The rise in docuseries has led to a number of real-life impacts
Robert Durst; Muhammad Aziz (Getty Images)
The true crime genre is alive and well, and the rise in popularity of true crime documentary series has also had real-world consequences. Most recently, a Netflix documentary about Malcolm X led to the vacating of sentences for two men (including Muhammad Aziz, pictured) who had been convicted of killing the civil rights leader in 1965, and that’s not to mention shows like “The Jinx,” which led to the arrest of Robert Durst, and “Extinct or Alive,” which found a living animal thought to have died out over 100 years ago.
Here, we round up other TV shows that have cracked real cases.
“Who Killed Malcolm X?”
The 2019-20 Netflix docuseries “Who Killed Malcolm X?” looked into the assassination of Malcolm X and cast doubt on the convictions of Muhammad Aziz and Khalil Islam, who were convicted of killing Malcolm X in 1966. In November 2021, a New York Judge granted a motion to vacate the convictions against both men, who had spent more than 20 years in prison for the crime. (Islam died in 2009.)
This Robert Durst miniseries, written by “All Good Things” director Andrew Jarecki, led to Durst’s long-awaited arrest for the murder of Susan Berman just one day before the finale of “The Jinx” aired on TV. Durst had admired Jarecki’s work on “All Good Things” and had offered to be interviewed for the miniseries. Durst was convicted of murdering Berman in 2021.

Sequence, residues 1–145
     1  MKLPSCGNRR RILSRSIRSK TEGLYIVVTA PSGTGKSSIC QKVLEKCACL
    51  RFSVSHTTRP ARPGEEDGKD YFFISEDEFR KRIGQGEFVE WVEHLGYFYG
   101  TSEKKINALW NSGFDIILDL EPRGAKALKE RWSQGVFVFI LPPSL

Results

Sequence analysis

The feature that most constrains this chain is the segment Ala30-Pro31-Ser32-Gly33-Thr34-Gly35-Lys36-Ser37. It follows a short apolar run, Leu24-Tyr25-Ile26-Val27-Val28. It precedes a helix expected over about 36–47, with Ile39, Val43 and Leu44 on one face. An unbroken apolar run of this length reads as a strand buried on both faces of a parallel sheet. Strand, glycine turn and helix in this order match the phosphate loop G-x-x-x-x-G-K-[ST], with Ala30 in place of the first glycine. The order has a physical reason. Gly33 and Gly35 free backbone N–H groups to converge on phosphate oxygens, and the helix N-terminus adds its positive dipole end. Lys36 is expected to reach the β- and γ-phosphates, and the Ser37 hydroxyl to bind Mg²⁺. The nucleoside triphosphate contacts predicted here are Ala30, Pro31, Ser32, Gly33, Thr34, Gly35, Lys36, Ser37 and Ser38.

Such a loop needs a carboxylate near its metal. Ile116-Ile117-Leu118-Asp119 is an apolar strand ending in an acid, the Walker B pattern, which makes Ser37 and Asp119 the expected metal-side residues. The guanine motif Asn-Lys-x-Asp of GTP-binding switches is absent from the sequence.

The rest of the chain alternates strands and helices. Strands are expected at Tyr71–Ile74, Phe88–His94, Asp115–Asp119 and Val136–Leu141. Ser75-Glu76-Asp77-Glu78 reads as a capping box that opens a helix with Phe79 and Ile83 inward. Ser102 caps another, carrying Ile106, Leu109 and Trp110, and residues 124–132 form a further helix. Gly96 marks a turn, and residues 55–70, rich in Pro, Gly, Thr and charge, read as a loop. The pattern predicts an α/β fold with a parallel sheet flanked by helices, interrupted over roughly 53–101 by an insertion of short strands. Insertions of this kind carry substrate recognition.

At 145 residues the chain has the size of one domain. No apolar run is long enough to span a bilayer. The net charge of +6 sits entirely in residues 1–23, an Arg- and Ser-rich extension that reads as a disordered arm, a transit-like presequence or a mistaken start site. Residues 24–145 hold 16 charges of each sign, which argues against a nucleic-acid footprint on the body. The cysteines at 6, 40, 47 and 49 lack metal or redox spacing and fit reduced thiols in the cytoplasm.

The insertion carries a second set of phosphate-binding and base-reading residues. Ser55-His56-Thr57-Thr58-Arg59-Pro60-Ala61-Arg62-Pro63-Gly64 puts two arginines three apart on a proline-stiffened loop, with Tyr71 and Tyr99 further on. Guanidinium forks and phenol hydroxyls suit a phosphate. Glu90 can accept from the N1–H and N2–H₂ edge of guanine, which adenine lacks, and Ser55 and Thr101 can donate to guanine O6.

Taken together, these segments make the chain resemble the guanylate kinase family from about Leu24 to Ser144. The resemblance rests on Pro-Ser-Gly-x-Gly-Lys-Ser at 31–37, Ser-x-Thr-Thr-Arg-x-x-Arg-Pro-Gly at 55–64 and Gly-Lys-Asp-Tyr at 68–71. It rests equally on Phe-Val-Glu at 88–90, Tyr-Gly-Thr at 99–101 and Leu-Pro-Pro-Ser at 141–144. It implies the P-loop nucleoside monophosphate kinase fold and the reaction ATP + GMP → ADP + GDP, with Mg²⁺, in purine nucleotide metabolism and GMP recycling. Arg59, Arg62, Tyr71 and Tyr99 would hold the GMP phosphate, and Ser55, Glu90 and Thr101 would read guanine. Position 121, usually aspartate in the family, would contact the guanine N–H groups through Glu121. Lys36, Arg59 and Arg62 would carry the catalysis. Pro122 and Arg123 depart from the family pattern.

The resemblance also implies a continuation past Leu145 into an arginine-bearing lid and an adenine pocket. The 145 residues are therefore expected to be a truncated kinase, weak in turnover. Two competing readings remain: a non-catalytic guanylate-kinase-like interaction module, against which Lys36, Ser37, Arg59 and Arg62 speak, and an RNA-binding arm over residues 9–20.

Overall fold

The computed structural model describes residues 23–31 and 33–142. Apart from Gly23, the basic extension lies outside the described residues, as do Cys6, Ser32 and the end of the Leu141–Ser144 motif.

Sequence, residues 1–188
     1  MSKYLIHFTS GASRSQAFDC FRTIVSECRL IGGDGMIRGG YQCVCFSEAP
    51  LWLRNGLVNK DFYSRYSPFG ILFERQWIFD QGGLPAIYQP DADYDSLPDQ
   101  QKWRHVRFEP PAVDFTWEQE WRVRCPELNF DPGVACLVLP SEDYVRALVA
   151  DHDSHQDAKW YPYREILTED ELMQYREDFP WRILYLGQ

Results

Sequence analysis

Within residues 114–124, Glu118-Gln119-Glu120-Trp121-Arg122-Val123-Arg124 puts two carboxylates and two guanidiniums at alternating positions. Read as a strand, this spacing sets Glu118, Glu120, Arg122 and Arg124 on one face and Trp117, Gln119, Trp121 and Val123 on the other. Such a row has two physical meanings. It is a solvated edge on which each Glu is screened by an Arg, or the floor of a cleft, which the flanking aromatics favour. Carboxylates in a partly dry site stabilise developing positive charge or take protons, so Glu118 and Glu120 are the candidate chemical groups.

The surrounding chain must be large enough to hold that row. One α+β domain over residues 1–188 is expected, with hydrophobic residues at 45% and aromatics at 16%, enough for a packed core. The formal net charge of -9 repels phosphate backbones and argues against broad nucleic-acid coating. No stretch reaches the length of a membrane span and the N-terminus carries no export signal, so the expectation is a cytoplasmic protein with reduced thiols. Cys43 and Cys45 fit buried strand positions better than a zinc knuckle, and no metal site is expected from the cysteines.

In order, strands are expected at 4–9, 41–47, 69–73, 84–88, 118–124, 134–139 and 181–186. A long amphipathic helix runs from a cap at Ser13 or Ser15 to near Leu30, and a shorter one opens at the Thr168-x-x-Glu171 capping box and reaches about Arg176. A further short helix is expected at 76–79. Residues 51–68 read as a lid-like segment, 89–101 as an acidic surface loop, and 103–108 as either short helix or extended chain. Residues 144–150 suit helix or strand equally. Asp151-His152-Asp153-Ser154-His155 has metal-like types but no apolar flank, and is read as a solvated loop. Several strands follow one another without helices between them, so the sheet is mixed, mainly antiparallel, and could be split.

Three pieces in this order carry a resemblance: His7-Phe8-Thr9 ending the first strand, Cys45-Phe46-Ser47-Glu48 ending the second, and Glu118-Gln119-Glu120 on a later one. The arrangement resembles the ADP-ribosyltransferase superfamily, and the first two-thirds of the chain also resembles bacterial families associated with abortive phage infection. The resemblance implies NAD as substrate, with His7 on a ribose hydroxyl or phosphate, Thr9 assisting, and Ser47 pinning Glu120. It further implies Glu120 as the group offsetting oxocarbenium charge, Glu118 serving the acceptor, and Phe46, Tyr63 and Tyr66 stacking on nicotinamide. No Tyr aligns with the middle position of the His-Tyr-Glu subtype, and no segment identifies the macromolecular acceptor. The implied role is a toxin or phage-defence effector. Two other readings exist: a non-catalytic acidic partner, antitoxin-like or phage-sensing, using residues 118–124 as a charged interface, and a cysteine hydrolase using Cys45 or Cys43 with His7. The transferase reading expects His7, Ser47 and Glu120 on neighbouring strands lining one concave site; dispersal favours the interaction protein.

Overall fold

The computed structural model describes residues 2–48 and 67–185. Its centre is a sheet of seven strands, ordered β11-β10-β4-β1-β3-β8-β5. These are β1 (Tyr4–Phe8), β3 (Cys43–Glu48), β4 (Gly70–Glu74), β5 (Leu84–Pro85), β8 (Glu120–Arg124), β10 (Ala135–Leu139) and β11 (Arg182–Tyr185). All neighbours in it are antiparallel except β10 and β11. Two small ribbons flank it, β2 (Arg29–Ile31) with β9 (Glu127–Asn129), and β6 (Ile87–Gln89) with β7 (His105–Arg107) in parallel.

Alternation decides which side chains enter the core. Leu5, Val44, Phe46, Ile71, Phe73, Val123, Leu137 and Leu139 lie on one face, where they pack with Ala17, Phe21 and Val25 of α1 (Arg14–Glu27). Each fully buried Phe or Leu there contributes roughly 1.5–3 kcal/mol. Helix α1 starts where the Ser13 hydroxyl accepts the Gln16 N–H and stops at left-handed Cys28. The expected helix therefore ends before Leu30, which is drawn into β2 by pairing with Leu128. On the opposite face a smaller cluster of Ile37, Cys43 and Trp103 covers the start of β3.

Back before Netflix rebooted the show in 2020, this classic series was on network television. Creator Terry Meurer told TheWrap that during its original 23-year run, the series helped to solve over 260 cold cases.
This crime series from Dick Wolf and Magical Elves, which works with local law enforcement to solve cold cases, has resulted in 45 arrests and 18 convictions, according to Oxygen.
“Extinct or Alive”
This one has more to do with animals than humans, but we have to give Animal Planet credit for discovering live members of a species that was believed to have been extinct. In 2019, series host and biologist Forrest Galante found a female Fernandina Tortoise, presumed extinct since 1906, on a remote volcanic island in the Galapagos.
Host Josh Gates took part in the unveiling one of the treasure boxes that were buried nearly 40 years ago by Bryon Preiss, whose 1982 book “The Secret” encourages people to solve puzzles in order to locate 12 boxes he buried in different American cities. In one episode, Gates meets a family who located the Boston box.
“America’s Most Wanted”
This longrunning Fox series was successful in finding many fugitives wanted by the FBI, including Ricky Allen Bright, Steven Ray Stout, Robert Lee Jones, and more, according to CBS News.
“Curb Your Enthusiasm”
This Larry David HBO series unknowingly was key to freeing Juan Catalan, a man who was on death row for a murder he did not commit. “Curb” had been filming at L.A.’s Dodger Stadium on the day of the murder, providing evidence that Catalan was watching the game with his 6-year-old daughter and could not have been at the crime scene. Catalan and David both later appeared in the 2017 Netflix documentary “Long Shot.”
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